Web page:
As a young or first time entrepreneur, business owner or startup founder, you may feel at times the odds are stacked against you. You have all the responsibilities from your day job, schoolwork, etc. and it’s tough to rally enough cash to make worthwhile investments. And of course, founding a business has implications on your social life and school experience – there’s sacrifices all around.
But like most things, the barriers we see are often a product of our imagination.
Can you have a lot of cash, a lot of friends, do well in school AND still start a business? Maybe…maybe not. But there are actually a lot of resources readily available up that make starting your business fun, interactive, social and of course – a financial success.
The first step to start a business is to realize that it’s more work than a full time job.
Organizing everything from marketing to legal to equity to operations can be quite challenging, especially atop your school responsibilities. So, it’s ideal if you can find resources that provide either processes or templates for the less customized, monotonous work.
However, if you want to avoid the distraction of school, you can do a summer intensive program. Many of them are open to the whole US and beyond – so location isn’t an end-all. I actually mentored one of these over the summer at University of Pennsylvania, and was amazed at how quickly the students create a business when equipped with the right resources. My mentees came from Brazil, Kansas and San Francisco.
How to start: realize that there are simpler paths.
I have come to realize that there are much simpler paths than the one I took for my tech startup, Vea Fitness.
I realized this after reading through the curriculum of Global Startup Challenge, an innovative competition, specifically for high school entrepreneurs, and talking to the TEDx Speaker and founder, Frank Pobutkiewicz.
The Global Startup Challenge helps high school students ideate, build, test and pitch their business all within a week. The curriculum itself has won several awards, and capitalizes on the test and learn methodology. Students don’t just build the first product that comes to mind – there’s an articulate and in depth validation process for refining and discovering product/market fit.
Looking at this unique competitions reminded me that if you don’t use the resources at your disposal, you’re ultimately at a disadvantage. Essentially, you just end up doing everything yourself, and don’t leverage the economies of scale that come from a well-crafted curriculum.
These are my 3 keys to starting your own business.
1. Hang with the big dogs if you want to be taken seriously.
Global Startup Challenge pays visits to a few top institutions, like MIT and Hubspot so students can not only immerse themselves in the act of creating a business, but also brush shoulders with hot shots in the tech world.
I would say one of the largest takeaways for myself leaving a large company was the opportunity to work with executives. My VP was supportive and let me pitch my own marketing plans to our execs – at the top of our 56 floor headquarters. It was surreal every time. But I remember feeling privileged whenever I strolled up to the floor-to-ceiling windows to see miles and miles of city. And, then executives 20 years older than me went quiet to give me the floor.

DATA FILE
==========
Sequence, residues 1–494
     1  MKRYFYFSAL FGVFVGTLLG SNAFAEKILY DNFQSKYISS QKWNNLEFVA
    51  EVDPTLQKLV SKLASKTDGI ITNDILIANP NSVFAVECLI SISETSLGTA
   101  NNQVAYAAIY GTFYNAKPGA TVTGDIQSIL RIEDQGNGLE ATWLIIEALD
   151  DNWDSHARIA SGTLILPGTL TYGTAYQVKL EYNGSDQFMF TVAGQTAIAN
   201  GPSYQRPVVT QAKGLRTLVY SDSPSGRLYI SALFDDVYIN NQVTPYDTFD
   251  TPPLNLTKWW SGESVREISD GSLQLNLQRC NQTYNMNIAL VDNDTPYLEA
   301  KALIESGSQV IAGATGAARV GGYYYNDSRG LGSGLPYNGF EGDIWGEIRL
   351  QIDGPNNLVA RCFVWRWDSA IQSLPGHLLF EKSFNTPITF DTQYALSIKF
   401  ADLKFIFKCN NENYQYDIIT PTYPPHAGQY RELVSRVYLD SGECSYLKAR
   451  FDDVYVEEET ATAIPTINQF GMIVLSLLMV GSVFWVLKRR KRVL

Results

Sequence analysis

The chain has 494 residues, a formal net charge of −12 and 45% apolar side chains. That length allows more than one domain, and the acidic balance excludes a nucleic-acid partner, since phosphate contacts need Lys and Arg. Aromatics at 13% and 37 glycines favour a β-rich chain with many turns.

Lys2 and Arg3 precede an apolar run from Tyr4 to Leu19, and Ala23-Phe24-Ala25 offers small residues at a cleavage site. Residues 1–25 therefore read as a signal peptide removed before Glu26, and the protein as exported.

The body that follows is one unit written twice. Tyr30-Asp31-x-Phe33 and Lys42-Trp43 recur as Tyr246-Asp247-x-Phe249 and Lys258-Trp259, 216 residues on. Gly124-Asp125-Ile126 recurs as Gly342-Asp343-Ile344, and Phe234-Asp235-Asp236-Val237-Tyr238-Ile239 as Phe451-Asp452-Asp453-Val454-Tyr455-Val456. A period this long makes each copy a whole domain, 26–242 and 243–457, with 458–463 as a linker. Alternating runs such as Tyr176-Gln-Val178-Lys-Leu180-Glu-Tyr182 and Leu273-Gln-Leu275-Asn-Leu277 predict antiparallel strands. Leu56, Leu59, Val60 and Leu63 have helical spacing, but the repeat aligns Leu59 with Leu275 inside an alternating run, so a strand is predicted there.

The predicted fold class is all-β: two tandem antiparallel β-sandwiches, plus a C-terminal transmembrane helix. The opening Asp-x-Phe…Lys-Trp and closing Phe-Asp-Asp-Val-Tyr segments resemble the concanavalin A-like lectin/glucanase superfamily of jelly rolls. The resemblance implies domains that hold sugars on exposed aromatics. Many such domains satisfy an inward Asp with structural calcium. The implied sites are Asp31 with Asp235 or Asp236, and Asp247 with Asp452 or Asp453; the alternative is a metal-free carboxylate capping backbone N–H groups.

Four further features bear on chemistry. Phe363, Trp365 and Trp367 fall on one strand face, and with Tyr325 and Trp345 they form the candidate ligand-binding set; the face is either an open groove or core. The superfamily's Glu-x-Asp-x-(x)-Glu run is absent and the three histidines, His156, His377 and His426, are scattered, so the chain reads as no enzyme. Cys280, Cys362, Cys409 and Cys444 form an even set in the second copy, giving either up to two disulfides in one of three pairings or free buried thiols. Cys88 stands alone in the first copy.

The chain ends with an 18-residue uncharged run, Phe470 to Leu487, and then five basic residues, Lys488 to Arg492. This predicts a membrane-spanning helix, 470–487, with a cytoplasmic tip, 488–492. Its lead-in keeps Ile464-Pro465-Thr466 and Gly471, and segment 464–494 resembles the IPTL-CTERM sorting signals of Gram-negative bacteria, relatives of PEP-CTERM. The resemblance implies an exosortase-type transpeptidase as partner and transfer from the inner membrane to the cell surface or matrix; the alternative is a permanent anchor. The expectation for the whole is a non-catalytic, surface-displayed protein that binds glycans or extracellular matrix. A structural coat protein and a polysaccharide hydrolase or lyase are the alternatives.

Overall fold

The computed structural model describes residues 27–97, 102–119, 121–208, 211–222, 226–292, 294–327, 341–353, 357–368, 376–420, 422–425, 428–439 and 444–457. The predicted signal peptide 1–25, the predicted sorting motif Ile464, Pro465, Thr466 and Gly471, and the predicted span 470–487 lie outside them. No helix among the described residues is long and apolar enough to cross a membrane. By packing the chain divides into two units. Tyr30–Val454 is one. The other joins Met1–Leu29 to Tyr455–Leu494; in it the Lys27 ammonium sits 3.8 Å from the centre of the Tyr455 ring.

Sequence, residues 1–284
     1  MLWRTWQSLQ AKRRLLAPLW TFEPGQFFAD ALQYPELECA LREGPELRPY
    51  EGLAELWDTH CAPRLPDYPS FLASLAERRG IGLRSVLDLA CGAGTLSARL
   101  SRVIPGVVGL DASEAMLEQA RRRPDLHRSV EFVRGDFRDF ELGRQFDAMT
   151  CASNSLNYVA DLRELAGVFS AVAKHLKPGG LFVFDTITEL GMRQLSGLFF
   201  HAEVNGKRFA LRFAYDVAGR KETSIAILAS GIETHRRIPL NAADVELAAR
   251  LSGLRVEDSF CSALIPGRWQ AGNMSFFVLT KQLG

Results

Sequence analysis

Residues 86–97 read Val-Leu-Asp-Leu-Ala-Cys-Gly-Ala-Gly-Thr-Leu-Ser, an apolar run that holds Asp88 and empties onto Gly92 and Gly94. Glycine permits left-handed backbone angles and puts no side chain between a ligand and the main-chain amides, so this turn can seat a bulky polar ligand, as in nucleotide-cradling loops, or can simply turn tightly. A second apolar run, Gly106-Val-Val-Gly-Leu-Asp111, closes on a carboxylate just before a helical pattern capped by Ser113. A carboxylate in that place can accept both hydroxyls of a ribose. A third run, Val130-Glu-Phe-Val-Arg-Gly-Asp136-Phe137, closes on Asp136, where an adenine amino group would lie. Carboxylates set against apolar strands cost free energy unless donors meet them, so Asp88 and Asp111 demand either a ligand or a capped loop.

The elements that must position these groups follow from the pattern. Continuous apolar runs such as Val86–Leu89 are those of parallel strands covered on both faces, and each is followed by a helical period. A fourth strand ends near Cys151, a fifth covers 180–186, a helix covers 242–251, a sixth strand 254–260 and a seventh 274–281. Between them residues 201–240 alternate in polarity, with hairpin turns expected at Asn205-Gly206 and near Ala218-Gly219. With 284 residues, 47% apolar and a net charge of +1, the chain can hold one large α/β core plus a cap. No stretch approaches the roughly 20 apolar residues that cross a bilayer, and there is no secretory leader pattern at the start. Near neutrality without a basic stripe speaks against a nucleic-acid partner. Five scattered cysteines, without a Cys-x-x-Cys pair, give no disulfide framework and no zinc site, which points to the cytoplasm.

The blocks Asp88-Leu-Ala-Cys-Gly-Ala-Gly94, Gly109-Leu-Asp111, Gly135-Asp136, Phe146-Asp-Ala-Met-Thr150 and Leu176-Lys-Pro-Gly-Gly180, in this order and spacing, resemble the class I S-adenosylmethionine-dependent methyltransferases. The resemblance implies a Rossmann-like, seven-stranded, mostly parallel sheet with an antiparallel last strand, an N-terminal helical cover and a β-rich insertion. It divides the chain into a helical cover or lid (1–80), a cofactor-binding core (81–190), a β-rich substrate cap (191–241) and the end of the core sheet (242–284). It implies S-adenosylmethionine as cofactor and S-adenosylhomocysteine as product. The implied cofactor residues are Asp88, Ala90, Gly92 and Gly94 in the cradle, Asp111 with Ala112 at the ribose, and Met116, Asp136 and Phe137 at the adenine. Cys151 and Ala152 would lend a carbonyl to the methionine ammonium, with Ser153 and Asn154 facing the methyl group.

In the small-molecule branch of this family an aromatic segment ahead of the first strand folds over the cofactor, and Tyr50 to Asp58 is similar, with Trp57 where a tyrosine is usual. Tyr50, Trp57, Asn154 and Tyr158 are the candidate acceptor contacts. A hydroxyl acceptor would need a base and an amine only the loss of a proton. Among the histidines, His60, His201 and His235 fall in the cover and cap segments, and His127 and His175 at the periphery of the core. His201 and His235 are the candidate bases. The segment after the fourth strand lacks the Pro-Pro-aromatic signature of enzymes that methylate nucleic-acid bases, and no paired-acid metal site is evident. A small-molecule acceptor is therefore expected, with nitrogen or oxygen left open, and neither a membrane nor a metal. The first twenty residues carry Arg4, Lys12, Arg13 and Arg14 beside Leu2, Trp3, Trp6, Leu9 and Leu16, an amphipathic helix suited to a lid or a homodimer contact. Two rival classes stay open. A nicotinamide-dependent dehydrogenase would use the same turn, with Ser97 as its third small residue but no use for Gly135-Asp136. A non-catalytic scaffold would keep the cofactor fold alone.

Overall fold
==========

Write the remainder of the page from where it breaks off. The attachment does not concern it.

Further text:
I just wish I’d gotten this experience sooner.
So, I really appreciate that GSC takes students to big houses like Hubspot, CIC and Venture Cafe to see inside the belly of the beast, to begin developing emotional intelligence. That emotional intelligence carries us a long way in the business world, and really refines our public speaking skills. Take the time to see how the ‘big dogs’ operate and make every effort to pay visits, network, etc.
2. Get the right mentors.
This is an often-overlooked area but mentors are truly invaluable. Mentors help you avoid rookie mistakes. As a first-time founder, there will be a lot. You may not recognize them all as mistakes, but the second time around you’ll realize you wasted time on certain activities.
At this time, I have 2 unofficial mentors and about 3 more role models who I follow closely. It can be tough to get a busy executive to commit to being your mentor. But, if you can join a program where they’re explicitly choosing to mentor, it’s much easier and more productive.
Find yourself a mentor or mentors that can help you refine concepts, apply learnings, and actually take ideas into action.
3. Whatever you do – just make sure you don’t reinvent the wheel.
Again, it’s really frustrating to design a whole product experience, only to find out you’d save 40% of the time using a mentor. Or that the legal form you paid a lawyer $450 to create has similar templates available for $50.
So it’s important you leverage the resources at your disposal. The programs that have proven curriculums and rigorous accountability can really rocket-ship your business.
If you’re a high school student with a fire inside, Global Startup Challenge is probably a serious consideration for you. They’re also giving away $500 to one lucky startup/founder who applies to the program. You can see their sweepstakes here.
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